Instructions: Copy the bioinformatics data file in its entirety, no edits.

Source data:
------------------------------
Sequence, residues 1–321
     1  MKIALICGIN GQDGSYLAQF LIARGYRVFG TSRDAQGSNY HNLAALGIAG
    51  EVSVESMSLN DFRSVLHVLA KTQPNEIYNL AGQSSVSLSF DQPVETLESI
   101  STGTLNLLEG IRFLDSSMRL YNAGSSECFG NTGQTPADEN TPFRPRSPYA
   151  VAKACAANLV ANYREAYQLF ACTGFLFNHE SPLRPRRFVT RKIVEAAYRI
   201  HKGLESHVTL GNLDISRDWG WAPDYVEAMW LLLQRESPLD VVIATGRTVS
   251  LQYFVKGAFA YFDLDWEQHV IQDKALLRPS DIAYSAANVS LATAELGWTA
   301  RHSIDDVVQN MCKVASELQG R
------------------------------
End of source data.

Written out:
Sequence, residues 1–321
     1  MKIALICGIN GQDGSYLAQF LIARGYRVFG TSRDAQGSNY HNLAALGIAG
    51  EVSVESMSLN DFRSVLHVLA KTQPNEIYNL AGQSSVSLSF DQPVETLESI
   101  STGTLNLLEG IRFLDSSMRL YNAGSSECFG NTGQTPADEN TPFRPRSPYA
   151  VAKACAANLV ANYREAYQLF ACTGFLFNHE SPLRPRRFVT RKIVEAAYRI
   201  HKGLESHVTL GNLDISRDWG WAPDYVEAMW LLLQRESPLD VVIATGRTVS
   251  LQYFVKGAFA YFDLDWEQHV IQDKALLRPS DIAYSAANVS LATAELGWTA
   301  RHSIDDVVQN MCKVASELQG R